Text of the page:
It’s easy to get lulled into a false sense of security when it comes to Iran and the existential threat it poses to Israel.
After all, meetings are being held between the sides every few weeks, in places like New York and Vienna, with the goal of reaching a final agreement on Iran’s nuclear program by July 20. Participating in these meetings are the top experts and political leaders of the six world powers — the United States, France, Germany, Britain, China and Russia — on the one hand, and Iran, on the other.
Most reassuring is that this is not the Iran of Mahmoud Ahmadinejad, of “wipe Israel off the map” notoriety, but of Hassan Rouhani, who uses Western terms like “win-win” to describe the agreement he seeks and flashes his photogenic smile at every opportunity.
Unfortunately, the reality is much more ominous. As Maj.-Gen. (res.) Amos Gilad, head of political-military affairs at Israel’s Defense Ministry, put it at a security conference in Tel Aviv on Monday: “Today is a pleasant day. But there are clouds, and a storm, on the horizon. People don’t believe it until it comes.”
The clouds are an elaborate system of underground reactors that are producing enriched uranium. The storm is a nuclear bomb that is only two months away from being in Iran’s possession and an arsenal of 100,000 missiles that Iran purchased for Hizbullah at a cost of billions of dollars.
The instability that the Middle East has seen in recent years, with upheavals in Egypt, Libya and Syria, pales in comparison to that created by the nuclear arms race that would be launched the minute Iran obtains these weapons of mass destruction.
To be fair, the six world powers, especially the United States, understand the nature of the threat. Hopefully, they also understand that while Israel may be the immediate target, the long-range ballistic missiles being developed by Iran mean it’s only a matter of time before their turn comes, R”l.
Israel has from the start had its doubts about these negotiations. It has taken the position that the goal must be to completely rid Iran of any enrichment capabilities; that anything less would leave Iran “a threshold nuclear power” capable of obtaining a bomb within a few months, when the world is preoccupied with some other crisis.
The West believes that the Iranians will never agree to such a deal, as it would offend their national pride. More realistic, goes the thinking, is to limit enrichment so that the Iranians can’t stockpile large amounts of purified uranium, the core of atomic bombs if enriched to a high level. The enrichment will be closely monitored by the United Nations’ International Atomic Energy Agency to ensure that it is geared solely for civilian use.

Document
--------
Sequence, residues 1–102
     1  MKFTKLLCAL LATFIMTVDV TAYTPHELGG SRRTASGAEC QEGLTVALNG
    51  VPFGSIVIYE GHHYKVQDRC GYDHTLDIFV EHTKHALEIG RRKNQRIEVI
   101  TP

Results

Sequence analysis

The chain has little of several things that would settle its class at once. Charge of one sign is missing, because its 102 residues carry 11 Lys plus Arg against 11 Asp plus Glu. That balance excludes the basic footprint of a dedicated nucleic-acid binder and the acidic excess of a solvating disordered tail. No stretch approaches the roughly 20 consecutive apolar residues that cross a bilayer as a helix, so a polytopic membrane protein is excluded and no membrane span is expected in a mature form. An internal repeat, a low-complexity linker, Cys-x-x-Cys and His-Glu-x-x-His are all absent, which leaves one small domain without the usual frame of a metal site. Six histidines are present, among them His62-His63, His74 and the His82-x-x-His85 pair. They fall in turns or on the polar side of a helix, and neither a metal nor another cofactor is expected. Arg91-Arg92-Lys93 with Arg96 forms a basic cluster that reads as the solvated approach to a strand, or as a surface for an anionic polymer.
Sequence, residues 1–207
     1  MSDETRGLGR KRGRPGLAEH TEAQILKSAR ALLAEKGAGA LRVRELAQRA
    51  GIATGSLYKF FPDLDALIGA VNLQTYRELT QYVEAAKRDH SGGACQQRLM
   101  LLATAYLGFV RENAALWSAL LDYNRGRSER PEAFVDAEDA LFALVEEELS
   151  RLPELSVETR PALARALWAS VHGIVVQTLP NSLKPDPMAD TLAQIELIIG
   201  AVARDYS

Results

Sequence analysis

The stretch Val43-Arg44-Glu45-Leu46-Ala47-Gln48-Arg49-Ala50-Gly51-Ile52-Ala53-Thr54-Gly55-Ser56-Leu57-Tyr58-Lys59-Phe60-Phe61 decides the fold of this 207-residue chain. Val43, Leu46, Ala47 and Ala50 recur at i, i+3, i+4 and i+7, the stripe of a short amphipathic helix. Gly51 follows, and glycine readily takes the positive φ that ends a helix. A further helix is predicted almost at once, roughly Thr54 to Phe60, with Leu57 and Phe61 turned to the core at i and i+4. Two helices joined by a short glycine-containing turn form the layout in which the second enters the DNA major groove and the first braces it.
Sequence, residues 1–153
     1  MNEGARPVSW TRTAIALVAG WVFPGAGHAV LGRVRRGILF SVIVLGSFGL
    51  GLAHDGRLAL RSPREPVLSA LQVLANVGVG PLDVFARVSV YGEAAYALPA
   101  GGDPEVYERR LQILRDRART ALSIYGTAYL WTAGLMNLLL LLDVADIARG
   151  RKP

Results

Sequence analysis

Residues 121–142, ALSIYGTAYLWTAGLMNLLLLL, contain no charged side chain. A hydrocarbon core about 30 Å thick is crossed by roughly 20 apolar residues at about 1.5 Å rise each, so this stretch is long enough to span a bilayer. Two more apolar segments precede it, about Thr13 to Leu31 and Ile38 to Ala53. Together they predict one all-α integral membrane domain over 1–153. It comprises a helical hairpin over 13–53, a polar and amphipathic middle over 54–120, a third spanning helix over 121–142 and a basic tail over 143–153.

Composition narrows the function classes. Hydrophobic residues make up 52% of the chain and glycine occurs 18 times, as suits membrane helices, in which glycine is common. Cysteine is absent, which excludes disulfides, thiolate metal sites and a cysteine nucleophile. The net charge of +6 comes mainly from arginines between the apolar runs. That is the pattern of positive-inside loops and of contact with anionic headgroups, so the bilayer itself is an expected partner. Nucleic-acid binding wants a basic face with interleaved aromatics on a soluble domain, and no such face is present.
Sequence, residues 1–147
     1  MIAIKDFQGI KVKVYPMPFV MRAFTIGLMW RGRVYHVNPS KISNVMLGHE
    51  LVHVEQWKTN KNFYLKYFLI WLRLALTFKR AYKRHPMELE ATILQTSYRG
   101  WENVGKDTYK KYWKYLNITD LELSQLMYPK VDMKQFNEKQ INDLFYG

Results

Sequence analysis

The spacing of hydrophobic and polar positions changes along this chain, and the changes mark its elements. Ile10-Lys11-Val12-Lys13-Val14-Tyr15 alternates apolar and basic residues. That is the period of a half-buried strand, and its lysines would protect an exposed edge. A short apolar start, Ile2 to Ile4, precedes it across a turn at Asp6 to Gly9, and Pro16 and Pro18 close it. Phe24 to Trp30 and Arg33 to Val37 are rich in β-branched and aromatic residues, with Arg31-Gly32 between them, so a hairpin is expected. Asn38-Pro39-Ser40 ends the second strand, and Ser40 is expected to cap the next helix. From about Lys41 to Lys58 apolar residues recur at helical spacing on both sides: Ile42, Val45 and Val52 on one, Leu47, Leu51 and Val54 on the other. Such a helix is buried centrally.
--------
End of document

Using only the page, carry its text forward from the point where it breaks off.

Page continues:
But even this much more modest goal appears to be unrealistic.
As one journalist put it, the talks so far have been three months of comparing expectations rather than negotiating compromises. Iran has brushed off American attempts to discuss its ballistic missile program. “We believe there needs to be some additional realism,” a U.S. official said, speaking in polite Diplomat-ese.
The clearest sign that no progress is being made is that EU foreign policy chief Catherine Ashton, who represents the six powers, and Iranian Foreign Minister Mohammad Javad Zarif chose not to appear for a joint news conference at the end of last week’s talks in Vienna. This was a first since the latest round of talks began.
As the deadline for an agreement draws near, it is important that the six powers adopt the view that no agreement is better than a bad agreement. As former Secretary of State Hillary Clinton articulated last week, American negotiators “will have to be tough, clear-eyed and ready to walk away and increase the pressure if need be.”
To its credit, the Obama administration has been consulting with Israel on these critically important talks and taking into account its concerns. Recent weeks have seen visits to Israel by National Security Adviser Susan Rice and Defense Secretary Chuck Hagel, who reiterated Washington’s commitment to ensuring that Iran does not get a nuclear weapon. Hagel even added, in a hint that the military option hasn’t been taken off the table, that “America will do what we must to live up to that commitment.”
Israel is not pushing for military action. On the contrary, it will likely pay a high price if there is a military strike, even one launched by the United States, with Hizbullah and Hamas missiles raining down on every corner of the country.
It would accept, and even rejoice at, a diplomatic agreement that rids the region of the threat of a nuclear Iran (as would Saudi Arabia, Turkey, Jordan and others in the region). Its concern, however, is that the West, in its desire to avoid a military confrontation, will be content with a deal that leaves Iran five months away from having the bomb, instead of two.
The “clear-eyed” strategy that Clinton calls for requires that Western negotiators see through Iran’s stalling tactics (it hopes that the longer the talks drag on, the harder it will be for Washington to organize crippling international sanctions). It means making it clear to the Iranians that all options, including military action, are very much on the table.
More than anything else, it means seeing the clouds in the sky and doing everything possible, with Hashem’s help, to prevent the storm.